Outdoor Therapy Camp Workers Charged in Hiking Death of Boy

New York Times/September 21, 2002
By Michael Janofsky

Denver -- Two employees of a wilderness therapy camp in central Utah have been charged with child-abuse homicide in the death of a 14-year-old boy two months ago on a desert hike.

The boy, Ian August of Austin, Tex., was the fifth child to die since 1999 while in the care of such a camp in Utah, a state with some of the most stringent regulations for summer programs for children with psychological, drug or alcohol problems.

Brent G. Berkley, the deputy county attorney in Millard County, Utah, brought charges against Mark Wardle, 47, and Leigh Hale, 24, and the camp that employed them, Skyline Journey of Nephi, after the boy collapsed and died of heat exhaustion in their care.

Mr. Berkley said Ian, at 5-foot-2 and 200 pounds, was in "very poor physical condition" when he entered the program and was ill-equipped for a long desert hike in midday summer heat.

On the hike, Mr. Berkley said, Ian complained of thirst and stopped walking. He was given water, but fell unconscious, prompting Mr. Wardle to call 911 on his cellphone. Because of the remote location of the hike, about 40 miles west of Delta, Utah, and wrong information given to a rescue team, an ambulance did not arrive for two hours.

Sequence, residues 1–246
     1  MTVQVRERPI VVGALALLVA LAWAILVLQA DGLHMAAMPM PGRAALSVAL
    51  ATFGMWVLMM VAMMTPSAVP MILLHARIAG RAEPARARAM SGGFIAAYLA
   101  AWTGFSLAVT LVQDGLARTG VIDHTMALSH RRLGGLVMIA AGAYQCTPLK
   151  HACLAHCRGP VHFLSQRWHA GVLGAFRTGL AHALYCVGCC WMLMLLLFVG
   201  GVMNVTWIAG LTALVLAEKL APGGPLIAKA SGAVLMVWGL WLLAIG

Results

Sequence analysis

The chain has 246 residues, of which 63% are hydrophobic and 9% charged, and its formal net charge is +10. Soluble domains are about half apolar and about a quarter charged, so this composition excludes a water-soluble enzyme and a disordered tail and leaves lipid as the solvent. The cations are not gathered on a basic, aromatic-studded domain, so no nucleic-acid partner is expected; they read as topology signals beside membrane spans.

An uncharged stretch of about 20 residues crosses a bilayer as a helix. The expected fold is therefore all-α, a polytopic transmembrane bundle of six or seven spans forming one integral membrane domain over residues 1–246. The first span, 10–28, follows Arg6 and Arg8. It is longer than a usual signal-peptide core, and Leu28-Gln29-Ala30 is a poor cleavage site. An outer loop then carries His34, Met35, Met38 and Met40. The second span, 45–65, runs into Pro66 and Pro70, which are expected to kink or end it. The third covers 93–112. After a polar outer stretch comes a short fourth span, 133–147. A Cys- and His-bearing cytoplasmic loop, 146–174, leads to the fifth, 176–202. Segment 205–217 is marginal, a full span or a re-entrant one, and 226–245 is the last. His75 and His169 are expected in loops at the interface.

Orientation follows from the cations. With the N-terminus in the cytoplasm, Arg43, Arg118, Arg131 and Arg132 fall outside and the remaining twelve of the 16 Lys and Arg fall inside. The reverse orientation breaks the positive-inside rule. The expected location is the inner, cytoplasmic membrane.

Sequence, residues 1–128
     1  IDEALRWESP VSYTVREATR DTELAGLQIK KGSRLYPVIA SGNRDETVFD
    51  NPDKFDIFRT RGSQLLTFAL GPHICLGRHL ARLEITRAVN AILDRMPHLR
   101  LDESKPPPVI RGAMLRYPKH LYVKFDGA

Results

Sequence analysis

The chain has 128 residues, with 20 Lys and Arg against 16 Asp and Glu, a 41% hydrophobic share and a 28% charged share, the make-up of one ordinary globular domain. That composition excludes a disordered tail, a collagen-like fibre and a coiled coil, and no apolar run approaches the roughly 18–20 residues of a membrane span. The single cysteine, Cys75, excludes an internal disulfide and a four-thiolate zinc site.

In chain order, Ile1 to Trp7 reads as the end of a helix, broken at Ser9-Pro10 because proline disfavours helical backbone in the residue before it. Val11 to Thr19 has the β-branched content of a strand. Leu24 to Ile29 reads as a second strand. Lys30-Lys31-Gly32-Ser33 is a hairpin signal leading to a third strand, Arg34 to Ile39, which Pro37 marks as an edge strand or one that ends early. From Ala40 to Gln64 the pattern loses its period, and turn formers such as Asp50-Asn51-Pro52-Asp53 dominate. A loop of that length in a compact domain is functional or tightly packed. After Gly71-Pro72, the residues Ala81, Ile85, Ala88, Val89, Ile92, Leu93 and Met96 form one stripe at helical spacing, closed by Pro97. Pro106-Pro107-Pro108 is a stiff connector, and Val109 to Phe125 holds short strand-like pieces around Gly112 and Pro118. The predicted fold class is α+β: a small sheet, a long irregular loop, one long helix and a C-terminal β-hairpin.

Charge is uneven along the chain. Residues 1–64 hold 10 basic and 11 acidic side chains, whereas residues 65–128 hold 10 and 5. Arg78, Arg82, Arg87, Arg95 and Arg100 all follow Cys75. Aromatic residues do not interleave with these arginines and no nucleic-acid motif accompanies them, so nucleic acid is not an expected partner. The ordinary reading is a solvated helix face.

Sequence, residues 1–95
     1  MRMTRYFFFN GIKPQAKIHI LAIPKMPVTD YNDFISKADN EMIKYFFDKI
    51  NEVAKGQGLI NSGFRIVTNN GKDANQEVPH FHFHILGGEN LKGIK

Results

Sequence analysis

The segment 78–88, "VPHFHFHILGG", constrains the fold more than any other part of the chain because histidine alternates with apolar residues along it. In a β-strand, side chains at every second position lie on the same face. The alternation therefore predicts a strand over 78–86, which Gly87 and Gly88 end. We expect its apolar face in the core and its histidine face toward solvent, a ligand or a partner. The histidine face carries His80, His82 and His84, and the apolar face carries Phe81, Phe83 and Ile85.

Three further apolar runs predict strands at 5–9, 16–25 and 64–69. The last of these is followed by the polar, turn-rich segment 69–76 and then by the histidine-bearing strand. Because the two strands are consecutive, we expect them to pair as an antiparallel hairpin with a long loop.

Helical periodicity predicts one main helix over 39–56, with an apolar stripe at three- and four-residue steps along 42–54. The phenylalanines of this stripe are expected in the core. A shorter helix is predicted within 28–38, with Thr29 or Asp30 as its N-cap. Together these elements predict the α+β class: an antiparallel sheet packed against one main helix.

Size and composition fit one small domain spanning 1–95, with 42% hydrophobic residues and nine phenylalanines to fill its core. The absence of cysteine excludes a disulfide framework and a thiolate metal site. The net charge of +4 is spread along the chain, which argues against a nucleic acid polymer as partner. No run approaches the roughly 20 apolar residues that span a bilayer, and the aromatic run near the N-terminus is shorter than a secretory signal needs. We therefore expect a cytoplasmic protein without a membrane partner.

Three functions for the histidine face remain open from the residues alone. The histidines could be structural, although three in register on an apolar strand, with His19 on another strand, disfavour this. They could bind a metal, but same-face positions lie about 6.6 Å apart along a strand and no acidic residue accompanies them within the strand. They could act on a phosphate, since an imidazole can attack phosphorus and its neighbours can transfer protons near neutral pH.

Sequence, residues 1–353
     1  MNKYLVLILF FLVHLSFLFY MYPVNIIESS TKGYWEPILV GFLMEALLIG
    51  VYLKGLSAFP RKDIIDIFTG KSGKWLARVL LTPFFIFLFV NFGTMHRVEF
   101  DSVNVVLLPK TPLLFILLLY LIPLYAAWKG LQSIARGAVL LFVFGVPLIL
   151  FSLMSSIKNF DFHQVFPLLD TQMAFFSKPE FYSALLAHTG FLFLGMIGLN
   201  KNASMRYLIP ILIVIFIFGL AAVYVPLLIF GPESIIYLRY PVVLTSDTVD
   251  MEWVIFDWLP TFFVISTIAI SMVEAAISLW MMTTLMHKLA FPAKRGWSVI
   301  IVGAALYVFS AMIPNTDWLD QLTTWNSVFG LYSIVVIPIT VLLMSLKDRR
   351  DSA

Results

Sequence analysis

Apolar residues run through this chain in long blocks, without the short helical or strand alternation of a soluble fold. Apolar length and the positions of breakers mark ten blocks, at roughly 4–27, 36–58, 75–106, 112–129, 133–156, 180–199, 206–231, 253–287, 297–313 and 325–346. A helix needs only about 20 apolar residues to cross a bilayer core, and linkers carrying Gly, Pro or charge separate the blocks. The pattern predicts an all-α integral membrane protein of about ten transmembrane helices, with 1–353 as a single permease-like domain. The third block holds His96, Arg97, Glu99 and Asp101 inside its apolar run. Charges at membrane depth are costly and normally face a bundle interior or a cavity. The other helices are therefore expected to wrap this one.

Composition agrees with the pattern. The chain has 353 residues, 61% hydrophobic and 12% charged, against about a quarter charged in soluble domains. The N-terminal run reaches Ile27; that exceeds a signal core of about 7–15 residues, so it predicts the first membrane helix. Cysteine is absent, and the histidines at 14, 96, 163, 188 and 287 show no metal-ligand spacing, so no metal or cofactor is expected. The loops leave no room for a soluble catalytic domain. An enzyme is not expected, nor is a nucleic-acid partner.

By then the boy was dead.

Mr. Berkley said that Ms. Hale was a licensed emergency medical technician but that she either did not recognize signs of stress or ignored them.

"It is our intent to show there was a reckless disregard for his symptoms and signs of trouble," he said.

Each worker faces 1 to 15 years in prison and fines of up to $10,000. The company faces a fine of $25,000.

Lee Wardle, the majority owner of Skyline Journey and Mark Wardle's father, declined to discuss the case on the advice of his lawyer. He said the company had been operating for two years, offering "therapy and emotional growth" to troubled teenagers, who generally participate in groups of nine.

Though the outdoor therapy camps have gained in popularity in the last two decades as options for frustrated parents, the camps have come under a cloud for the deaths of nearly three dozen youngsters since 1980.

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